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How to align your values through faith-consistent investing

Faith-consistent investing and smaller organisations

No act of faith is ever too small to make a difference. This is true even when faiths are dealing with large financial decisions around a topic as broad as investment. It is also the subject of an exciting new paper ‘Faith-consistent investing and Smaller Organisations’ from FaithInvest, the founding organisation of the Faith Plans framework.

The paper outlines the challenges – and offers some solutions – for smaller faith organisations seeking to reflect their values in their investments. But, first, it's important to understand the background to how we arrived to this point.

The importance of faith in finance

In 2017, at the ‘Faith in Finance’ meeting of faith groups in Zug, Switzerland, faiths discussed the need to align their finances with their beliefs and values. For the first time, dozens of traditions from eight of the world's major faiths – Buddhism, Christianity, Daoism, Hinduism, Islam, Judaism, Sikhism and Shintoism – published their investment priorities in the Zug Guidelines. The Zug Guidelines focus on how faiths can use their investments to support environmental and sustainable development for a better world. Now, more than 40 such guidelines exist, drafted by the faiths themselves, as faiths take a closer look at how their insurances, banking and investments stack up.

Nearly six years later, in 2023, groups are continuing to question whether their financial dealings are in alignment with their beliefs and values. However, many smaller organisations feel that they did not have the requisite knowledge, or the financial clout, to identify or rectify any misalignment. For example, how can faiths manage the inevitable trade-offs that are made between investment efficacy and customisation for faith-driven priorities?

To address this, FaithInvest —the founding organisation of Faith Plans—has published its 'Faith-consistent investing and Smaller Organisations' paper outlining how smaller faith groups can find solutions to these challenges.

Faith groups are already key stakeholders in the arena of global finance.

As Mathew Jensen, FaithInvest's Director of Investment Solutions, points out: "Together, faith groups hold billions of dollars of investments in the global stock markets, and growing numbers of faith groups are looking at whether those investments are truly aligned with their values. But, as our paper outlines, there are very significant challenges facing smaller groups in particular.'

"Together, faith groups hold billions of dollars of investments in the global stock markets, and growing numbers of faith groups are looking at whether those investments are truly aligned with their values." – Mathew Jensen, FaithInvest

Mike Even, a Co-founder of FaithInvest and lead writer on the paper, adds: "Operationalising faith values in an investment programme requires adding a new level of complexity to the already demanding job of managing risk and return. But many faith assets are not held in large, centralised investment pools, instead they are often relatively small, with limited resources, and this presents challenges."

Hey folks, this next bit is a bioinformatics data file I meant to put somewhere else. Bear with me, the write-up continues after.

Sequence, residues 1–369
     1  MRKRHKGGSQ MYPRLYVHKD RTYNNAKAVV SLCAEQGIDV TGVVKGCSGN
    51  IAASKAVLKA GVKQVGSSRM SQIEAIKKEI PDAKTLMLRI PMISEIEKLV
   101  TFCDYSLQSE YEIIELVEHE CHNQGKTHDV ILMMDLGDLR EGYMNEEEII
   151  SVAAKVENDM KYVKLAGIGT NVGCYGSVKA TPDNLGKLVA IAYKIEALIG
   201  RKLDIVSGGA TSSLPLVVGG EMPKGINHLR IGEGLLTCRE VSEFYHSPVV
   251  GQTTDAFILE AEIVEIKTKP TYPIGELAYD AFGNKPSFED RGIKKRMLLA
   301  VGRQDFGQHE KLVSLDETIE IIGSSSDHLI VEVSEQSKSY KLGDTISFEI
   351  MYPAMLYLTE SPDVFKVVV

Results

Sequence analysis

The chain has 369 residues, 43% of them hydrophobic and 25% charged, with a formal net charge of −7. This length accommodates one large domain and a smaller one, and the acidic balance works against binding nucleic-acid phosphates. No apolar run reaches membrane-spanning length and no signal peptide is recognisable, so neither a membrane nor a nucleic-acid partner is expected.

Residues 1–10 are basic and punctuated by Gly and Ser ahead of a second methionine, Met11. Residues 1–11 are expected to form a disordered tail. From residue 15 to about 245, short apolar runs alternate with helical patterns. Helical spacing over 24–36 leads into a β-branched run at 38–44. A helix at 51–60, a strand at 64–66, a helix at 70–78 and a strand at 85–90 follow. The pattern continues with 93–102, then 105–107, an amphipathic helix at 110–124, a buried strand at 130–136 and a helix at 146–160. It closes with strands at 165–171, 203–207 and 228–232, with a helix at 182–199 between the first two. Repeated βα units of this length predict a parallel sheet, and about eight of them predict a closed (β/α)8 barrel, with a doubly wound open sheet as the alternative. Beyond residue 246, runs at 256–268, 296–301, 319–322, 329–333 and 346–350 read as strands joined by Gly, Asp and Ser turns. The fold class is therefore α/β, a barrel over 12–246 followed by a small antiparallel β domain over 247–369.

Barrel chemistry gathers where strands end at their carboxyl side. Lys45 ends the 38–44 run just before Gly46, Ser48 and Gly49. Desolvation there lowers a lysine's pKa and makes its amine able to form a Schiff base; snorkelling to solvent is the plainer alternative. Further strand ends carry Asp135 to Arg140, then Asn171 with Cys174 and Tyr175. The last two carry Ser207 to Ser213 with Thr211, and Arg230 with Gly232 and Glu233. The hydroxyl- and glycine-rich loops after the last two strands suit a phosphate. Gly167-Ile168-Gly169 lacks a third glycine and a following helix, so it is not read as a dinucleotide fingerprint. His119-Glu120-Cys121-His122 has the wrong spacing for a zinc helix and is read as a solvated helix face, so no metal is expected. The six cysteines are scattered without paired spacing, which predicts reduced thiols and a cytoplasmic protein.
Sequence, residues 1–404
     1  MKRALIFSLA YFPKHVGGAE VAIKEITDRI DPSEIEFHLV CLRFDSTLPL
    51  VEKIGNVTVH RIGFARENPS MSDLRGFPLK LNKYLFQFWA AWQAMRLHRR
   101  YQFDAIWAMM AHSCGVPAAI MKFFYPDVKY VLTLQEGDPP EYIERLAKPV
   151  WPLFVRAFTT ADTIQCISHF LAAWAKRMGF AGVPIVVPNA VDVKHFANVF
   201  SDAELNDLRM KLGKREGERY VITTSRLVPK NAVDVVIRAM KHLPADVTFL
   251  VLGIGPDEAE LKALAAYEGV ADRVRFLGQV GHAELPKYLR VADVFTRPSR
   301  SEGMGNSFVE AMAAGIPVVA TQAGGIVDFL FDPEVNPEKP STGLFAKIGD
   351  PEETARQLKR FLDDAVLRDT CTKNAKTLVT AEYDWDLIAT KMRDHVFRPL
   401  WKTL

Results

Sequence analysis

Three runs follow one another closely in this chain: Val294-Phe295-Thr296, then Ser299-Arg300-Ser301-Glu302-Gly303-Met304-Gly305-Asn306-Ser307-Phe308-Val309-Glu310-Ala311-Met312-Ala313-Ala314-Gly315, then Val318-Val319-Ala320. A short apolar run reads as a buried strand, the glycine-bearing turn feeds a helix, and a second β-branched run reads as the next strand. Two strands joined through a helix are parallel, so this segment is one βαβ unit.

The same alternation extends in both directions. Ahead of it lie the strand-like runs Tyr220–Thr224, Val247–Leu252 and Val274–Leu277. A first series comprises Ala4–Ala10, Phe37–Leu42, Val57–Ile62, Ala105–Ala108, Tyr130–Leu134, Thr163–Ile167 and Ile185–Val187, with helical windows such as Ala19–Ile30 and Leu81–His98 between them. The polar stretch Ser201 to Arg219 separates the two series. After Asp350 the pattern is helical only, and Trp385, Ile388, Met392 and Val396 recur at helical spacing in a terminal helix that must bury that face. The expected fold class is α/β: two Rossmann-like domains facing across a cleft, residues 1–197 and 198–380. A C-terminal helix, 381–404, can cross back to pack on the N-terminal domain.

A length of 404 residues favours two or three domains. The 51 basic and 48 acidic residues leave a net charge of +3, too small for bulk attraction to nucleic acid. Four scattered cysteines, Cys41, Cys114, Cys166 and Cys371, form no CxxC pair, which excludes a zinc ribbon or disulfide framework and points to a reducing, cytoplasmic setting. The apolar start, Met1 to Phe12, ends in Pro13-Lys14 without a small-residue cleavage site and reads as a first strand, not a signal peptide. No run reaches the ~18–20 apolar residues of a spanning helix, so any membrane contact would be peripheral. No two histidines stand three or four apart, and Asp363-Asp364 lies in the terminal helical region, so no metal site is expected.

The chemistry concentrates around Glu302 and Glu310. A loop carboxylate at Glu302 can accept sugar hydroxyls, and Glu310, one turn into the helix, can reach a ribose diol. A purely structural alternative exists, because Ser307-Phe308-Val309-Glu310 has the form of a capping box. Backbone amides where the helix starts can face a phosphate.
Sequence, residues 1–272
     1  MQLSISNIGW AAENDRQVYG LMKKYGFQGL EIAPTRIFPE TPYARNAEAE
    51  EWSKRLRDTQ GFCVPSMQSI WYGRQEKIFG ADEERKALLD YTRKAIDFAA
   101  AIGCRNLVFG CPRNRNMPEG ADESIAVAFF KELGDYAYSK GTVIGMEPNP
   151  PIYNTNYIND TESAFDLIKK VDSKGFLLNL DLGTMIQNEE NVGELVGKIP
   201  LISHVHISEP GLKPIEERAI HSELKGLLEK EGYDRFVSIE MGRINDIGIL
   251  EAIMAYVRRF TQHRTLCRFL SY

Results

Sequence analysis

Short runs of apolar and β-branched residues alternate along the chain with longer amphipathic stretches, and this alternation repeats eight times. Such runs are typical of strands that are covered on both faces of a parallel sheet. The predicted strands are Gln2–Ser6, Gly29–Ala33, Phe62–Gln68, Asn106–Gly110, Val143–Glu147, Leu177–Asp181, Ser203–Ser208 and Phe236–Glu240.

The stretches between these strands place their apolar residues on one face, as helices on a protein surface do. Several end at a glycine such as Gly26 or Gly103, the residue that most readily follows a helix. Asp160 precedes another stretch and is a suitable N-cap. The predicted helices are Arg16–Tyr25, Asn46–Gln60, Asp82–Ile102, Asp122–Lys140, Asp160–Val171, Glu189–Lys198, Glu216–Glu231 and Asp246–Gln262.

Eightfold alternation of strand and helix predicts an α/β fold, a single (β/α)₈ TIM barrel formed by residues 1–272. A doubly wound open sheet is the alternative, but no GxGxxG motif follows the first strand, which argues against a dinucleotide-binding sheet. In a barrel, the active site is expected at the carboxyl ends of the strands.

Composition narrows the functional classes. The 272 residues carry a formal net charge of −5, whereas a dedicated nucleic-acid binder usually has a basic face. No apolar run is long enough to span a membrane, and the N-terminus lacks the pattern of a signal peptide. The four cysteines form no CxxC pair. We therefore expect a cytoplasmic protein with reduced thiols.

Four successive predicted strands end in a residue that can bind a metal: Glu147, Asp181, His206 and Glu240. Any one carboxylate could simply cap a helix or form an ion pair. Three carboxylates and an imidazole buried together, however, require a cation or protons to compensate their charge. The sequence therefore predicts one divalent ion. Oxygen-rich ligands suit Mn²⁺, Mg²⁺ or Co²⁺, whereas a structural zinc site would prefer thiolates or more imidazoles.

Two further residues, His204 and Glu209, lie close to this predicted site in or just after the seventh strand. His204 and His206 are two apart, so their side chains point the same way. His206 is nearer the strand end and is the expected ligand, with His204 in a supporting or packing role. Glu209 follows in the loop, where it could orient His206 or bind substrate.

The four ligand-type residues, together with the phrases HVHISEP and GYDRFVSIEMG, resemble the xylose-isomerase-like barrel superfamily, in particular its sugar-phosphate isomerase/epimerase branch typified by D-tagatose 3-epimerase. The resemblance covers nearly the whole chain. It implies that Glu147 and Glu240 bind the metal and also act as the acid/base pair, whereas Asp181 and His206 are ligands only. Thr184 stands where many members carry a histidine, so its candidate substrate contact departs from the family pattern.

Six Challenges

The executive summary of the paper identifies six distinct challenges faced by smaller faith organisations:

1. The greater oversight requirements of faith-consistent investing (FCI).

2. The need for customised versus off-the-shelf solutions to address unique faith values.

3. The uniformity of commingled pools of investments.

4. The need to apply FCI across multiple asset classes, including impact investments.

5. The resources required for engagement activities.

6. The education and support required for greater FCI participation by the lay faithful.

Three solutions

The paper goes on to highlight three potential solutions in particular:

1. Outsourced chief investment officer (OCIO) platforms;

2. Consultants with specialised knowledge; and

3. Networks of like-minded faith affinity groups.

Faith groups who have already taken action

Several faith groups have already tackled these issues, and the paper includes a number of helpful examples:

  • A single-faith-focused investment management and OCIO provider (Methodist and multi-denominational)

  • A single-faith network organisation (Jewish)

  • A faith-based investment management and OCIO provider (multi-faith, Catholic Social Teaching based)

  • A single-faith Impact Investing support network (Catholic)

  • A non-profit-focused OCIO services provider (multi-faith)

These demonstrate that it’s possible to address these issues, even if you had never even considered the topic before.

Getting started with faith-consistent investing

If your faith group identifies with the challenges listed above and is keen to start exploring the concept of managing your finances in alignment with your faith values, there are a number of things you can do:

When you’re ready to take the next step and delve deeper into this topic, please contact us here at Faith Plans and we will connect you with a person in FaithInvest who can help.


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